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Distinction Between Latent Defect and Patent Defect Limited in Indiana
Description Changing a long-standing rule, the Indiana supreme court held that the difference between a latent defect and a patent defect is irrelevant in determining whether a duty of care exists. The relevant test is whether there was a reasonable inspection regardless of the kind of defect.
Topic Torts
Key Words Negligence, Latent Defect, Patent Defect
C A S E   S U M M A R Y
Facts The Indiana supreme court granted transfer to address one issue in a case: "When a defective chattel causes personal injury, should the legal duty owed by a supplier of the chattel rest upon whether the defect is considered 'latent' rather than 'patent'?"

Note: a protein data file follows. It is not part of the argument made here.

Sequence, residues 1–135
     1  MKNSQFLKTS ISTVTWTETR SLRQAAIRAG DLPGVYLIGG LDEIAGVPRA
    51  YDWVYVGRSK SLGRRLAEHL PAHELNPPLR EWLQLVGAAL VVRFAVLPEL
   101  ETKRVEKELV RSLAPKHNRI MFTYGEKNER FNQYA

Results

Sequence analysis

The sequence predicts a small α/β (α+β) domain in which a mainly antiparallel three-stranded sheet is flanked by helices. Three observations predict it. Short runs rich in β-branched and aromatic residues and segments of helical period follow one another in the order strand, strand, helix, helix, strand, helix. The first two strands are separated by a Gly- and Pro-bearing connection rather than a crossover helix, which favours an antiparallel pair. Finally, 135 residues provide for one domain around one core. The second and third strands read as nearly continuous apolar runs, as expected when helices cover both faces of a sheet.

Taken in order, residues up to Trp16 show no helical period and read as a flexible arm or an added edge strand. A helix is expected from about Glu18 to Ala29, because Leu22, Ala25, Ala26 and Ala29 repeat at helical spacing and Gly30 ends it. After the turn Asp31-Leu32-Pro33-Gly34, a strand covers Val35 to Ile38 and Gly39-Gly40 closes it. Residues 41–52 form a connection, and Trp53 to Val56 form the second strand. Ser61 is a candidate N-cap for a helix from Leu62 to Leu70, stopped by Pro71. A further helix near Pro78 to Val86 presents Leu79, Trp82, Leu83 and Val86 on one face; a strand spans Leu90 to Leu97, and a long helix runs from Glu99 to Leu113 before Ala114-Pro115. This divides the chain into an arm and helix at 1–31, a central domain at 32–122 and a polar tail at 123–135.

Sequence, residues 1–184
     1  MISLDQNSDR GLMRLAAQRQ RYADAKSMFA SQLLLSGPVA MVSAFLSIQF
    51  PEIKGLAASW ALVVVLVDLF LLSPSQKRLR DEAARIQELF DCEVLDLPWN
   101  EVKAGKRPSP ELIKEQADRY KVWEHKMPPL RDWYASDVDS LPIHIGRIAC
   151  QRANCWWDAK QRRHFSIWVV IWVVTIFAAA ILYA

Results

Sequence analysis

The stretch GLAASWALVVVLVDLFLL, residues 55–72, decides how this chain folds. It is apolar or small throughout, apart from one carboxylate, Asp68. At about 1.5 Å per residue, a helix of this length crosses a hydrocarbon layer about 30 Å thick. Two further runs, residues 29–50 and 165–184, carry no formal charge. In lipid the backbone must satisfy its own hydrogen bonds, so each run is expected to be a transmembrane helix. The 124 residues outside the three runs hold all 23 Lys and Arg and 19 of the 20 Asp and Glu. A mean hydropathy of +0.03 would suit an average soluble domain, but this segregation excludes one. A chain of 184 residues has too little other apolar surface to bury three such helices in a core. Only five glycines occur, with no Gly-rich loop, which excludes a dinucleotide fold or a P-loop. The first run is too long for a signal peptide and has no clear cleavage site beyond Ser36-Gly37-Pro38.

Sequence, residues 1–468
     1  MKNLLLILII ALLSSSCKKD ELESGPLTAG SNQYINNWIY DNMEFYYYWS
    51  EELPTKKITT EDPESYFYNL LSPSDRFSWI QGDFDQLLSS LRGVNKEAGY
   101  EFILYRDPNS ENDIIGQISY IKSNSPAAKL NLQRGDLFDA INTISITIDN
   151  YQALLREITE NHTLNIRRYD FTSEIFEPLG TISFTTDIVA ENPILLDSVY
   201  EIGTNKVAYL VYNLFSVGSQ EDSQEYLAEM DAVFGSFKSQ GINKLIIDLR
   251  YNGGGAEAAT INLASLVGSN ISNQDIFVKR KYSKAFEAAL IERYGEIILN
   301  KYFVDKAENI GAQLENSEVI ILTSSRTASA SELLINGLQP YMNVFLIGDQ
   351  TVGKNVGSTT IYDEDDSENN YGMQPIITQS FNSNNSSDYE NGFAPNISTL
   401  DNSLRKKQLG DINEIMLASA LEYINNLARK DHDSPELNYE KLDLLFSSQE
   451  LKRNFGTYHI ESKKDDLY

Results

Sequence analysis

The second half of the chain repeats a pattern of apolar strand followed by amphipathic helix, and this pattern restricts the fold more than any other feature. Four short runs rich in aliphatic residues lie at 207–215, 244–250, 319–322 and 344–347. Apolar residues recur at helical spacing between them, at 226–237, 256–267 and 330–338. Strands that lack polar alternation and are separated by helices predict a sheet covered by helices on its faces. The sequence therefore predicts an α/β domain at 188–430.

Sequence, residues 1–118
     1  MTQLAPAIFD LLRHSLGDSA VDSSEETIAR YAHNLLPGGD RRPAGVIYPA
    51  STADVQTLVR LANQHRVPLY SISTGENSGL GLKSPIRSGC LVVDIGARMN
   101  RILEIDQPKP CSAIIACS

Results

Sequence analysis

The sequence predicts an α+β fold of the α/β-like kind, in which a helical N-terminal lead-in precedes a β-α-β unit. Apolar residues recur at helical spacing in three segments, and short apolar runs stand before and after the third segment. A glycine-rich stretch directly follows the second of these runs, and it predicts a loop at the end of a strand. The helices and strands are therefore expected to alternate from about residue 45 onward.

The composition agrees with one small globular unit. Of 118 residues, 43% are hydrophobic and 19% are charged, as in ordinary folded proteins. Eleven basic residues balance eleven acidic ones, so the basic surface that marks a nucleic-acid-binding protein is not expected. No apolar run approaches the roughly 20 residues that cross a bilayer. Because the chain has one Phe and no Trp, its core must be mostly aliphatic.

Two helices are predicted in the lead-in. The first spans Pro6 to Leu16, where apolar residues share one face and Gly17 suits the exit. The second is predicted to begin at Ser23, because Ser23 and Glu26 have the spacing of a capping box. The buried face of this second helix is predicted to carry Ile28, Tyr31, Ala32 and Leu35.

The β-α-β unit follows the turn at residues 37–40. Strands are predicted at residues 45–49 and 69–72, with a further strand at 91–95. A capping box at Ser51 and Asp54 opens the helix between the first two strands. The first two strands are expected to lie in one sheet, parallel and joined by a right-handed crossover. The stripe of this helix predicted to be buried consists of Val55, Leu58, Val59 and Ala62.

Decision "We granted transfer to address the continued viability of the latent/patent nature of the defect becomes relevant only when determining whether the duty to inspect was breached. Breach of the duty would arise where a supplier of a chattel fails, upon reasonable inspection, to discover a patent defect. Where a latent defect exists, there would be no breach for failing to discover the defect so long as a reasonable inspection was performed.... To the extent that the latent/patent distinction may have been employed in earlier cases as the basis for deciding the existence of a legal duty to inspect, we find it unsatisfactory."
Citation McGlothlin v. M&U Trucking, Inc., ---N.E.2d--- (1997 WL 745198, Sup. Ct., Ind.)
or
688 N.E.2d 1243 (Sup. Ct., Ind., 1997)

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